Session: 3. Rod Willis – Dimensions of Strategic Management, Through Time

Many organisations are preoccupied with Strategic Planning and the use of Key Performance Indicators (KPIs) with a clear desire to ‘get to where they want to go’.  On this journey, many fall foul of ‘The Tyranny of Meaningless Metrics’ (songs of the Sirens)  Worst still, if they do reach the destination, they may discover where they wanted to get to wasn’t the destination actually required to grow or survive after all! (“Alice: Would you tell me, please, which way I ought to go from here? The Cheshire Cat: That depends a good deal on where you want to get to. Alice: I don't much care where. The Cheshire Cat: Then it doesn't much matter which way you go. Alice: ...So long as I get somewhere. The Cheshire Cat: Oh, you're sure to do that, if only you walk long enough.” ― Lewis Carroll, Alice in Wonderland)

We have been busy over the years in many Business Schools (BS) teaching/supporting passionate learners how to ‘do strategy’, unfortunately, many seem to have missed some key parameters in the process.  To test these assertions, feel free to research Ansoff's work before you come to this SCiO event.  Try to identify what he is known for and let’s discuss and explore together.  Even if you think you have a handle on Igor Ansoff’s approach on Strategic Management, we will add another dimension that (as far as I have been able to identify) is not part of his work.  When Igor Ansoff’s dimensions of Strategic Management are combined with the Organisational ECO-Cycle (by David Hurst) we start to see something new emerge for Strategy.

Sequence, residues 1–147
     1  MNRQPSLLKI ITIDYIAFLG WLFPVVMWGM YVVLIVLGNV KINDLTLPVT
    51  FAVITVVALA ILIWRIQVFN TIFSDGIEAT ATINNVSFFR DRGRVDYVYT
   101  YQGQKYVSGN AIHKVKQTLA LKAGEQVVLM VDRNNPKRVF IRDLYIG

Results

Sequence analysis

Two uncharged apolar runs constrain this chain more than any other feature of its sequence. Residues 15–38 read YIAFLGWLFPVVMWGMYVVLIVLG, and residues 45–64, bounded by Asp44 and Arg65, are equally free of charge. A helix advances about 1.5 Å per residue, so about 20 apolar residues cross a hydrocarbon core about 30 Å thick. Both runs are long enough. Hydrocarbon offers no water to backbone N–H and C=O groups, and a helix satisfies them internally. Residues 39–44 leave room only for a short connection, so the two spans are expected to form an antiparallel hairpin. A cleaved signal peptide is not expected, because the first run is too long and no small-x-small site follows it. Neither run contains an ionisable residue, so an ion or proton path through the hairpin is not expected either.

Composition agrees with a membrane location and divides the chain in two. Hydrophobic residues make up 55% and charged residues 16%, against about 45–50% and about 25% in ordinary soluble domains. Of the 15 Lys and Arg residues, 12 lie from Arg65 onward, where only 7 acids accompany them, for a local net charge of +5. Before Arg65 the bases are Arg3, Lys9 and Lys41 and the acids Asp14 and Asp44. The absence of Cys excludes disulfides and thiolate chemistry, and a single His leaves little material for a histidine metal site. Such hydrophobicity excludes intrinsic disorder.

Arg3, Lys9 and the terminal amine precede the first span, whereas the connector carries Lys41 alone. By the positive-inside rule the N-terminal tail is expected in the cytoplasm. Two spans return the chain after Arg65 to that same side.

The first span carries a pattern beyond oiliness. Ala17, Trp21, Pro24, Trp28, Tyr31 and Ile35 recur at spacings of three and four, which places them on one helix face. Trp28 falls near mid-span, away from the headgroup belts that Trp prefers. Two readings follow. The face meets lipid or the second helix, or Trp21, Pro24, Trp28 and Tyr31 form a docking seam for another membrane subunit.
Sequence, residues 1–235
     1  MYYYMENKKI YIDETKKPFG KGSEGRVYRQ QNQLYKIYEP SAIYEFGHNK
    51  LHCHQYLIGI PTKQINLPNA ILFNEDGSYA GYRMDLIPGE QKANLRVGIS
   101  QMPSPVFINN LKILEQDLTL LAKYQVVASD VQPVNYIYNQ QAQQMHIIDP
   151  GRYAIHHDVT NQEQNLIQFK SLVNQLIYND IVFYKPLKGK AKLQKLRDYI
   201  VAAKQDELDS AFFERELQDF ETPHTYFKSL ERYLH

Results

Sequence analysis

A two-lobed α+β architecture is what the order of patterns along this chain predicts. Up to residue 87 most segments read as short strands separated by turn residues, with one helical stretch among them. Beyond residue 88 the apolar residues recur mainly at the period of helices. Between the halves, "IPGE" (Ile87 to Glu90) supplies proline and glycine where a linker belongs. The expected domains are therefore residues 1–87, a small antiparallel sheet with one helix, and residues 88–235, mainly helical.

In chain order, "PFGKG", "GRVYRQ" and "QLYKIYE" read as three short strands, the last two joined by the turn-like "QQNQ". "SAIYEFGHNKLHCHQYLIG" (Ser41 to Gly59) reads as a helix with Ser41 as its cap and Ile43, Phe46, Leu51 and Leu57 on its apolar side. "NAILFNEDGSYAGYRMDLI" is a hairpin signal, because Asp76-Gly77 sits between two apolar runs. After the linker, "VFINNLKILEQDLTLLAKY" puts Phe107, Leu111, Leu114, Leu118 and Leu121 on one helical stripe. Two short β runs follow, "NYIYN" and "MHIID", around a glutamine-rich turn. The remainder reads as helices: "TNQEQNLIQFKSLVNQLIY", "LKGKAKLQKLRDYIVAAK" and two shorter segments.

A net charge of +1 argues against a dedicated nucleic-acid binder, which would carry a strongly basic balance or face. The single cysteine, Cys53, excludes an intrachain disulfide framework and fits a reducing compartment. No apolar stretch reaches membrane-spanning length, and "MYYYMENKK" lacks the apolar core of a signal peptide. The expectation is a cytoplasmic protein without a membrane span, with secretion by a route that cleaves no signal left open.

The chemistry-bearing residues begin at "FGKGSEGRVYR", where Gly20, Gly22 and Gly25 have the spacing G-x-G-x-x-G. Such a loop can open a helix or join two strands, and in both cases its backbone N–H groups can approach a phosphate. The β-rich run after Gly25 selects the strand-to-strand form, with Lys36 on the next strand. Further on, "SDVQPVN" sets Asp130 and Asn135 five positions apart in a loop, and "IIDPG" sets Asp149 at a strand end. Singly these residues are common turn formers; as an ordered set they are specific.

Linking Igor Ansoff and David Hurst’s work has the ability to create a dynamic approach to Strategic Management.  We hear many calls for ‘Agile Business Strategies’ yet we are often using approaches that come from a school of thought that is NOT about agile or complex adaptive systems.  We live in a world of paradoxes and for strategy, we would seem to be approaching the choice of the blue pill or the red pill.  If you can sense Strategic Turbulence all around you, what pill would you decide to take?

To close, we will share the highlights of a Case Study that combined Ansoff and Hurst's work, creating an adaptive, growing solution in China, please join us.

Session: 4. Jan De Visch - Dynamic collaboration and strengthening of your systemic interventions